Brian Holmes on 2 Oct 2000 14:43:51 -0000

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[Nettime-bold] IMF/Yugoslavia

To me, the article by Chossudovsky is absolutely pertinent to the Kosova
and IMF threads. These are complex matters, but intellectuals should
consider them before they begin repeating the positions of Blair, Clinton,
and their local newspaper. An argument similar to Chussodovsky's appeared
in 1999 in The New Left Review no. 234, "The NATO Powers and the Balkan
Tragedy," by Peter Gowan. Catherine Samary has also worked on the role of
the debt and its administration in ex-Yugoslavia, in her book "Yugoslavia
Dismembered" (1994/95) and in various articles.

Chossudovsky's subheadings on "Overhauling The Legal Framework," "The
Bankruptcy Program," and "Shedding Surplus Workers" illustrate exactly what
I meant in my September 16 post to nettime, when I said that the IMF, when
it intervenes to reschedule debt, "uses its orthodox expertise to remodel
the financial, juridical, and social relations of entire societies to favor
intensified international exchange and competition." The competition also
takes place between regions, such as the ex-Yugo republics, over the fruits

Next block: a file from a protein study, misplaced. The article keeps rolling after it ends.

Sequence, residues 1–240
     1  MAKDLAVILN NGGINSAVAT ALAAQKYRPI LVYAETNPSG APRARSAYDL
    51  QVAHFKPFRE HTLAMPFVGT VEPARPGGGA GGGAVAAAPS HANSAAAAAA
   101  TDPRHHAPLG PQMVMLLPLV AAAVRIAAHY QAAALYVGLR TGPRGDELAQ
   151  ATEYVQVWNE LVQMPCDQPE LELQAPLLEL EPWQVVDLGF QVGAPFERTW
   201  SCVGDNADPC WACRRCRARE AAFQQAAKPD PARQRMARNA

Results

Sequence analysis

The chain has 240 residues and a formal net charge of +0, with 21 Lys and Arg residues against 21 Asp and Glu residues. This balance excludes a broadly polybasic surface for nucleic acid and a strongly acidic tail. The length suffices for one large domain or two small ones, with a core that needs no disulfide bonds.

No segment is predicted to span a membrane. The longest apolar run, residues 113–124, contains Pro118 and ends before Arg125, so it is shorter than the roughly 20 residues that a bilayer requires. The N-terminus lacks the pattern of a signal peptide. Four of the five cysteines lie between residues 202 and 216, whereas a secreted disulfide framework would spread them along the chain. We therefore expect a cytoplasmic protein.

and burdens of economic production.

Mark Weisbrot, from the NGO "Center for Economic and Policy Research," has
written: "The Fund, which has 182 member nations but is basically run by
the US Treasury department, makes the major economic decisions for more
than 50 countries... This makes the Fund the most powerful institution, of
any kind, in the whole world, in terms of its influence over the lives of
hundreds of millions of people­-and indirectly, billions." (from
"Globalization on the Ropes" available at:

That said, there is never one cause for historical events. I ran into
Catherine Samary on the train back from Prague, and when we talked
(inevitably) about structural adjustment in ex-Yugo, she pointed to a
number of internal dynamics, both social and political, that had seriously
weakened Yugoslav unity beginning in the seventies. The worst thing that
could have been done to Yugoslavia in 1989-90, the thing guaranteed to
cause violent disintegration, was to impose austerity measures on a country
already beset by centrifugal tendencies. This is what the Fund and the
other international financial institutions did. The amazing thing is that
similar civil wars have not erupted in Russia, where the damage done by the
IMF is greater yet. But unfortunately, this period of history is not yet
behind us.

Brian Holmes

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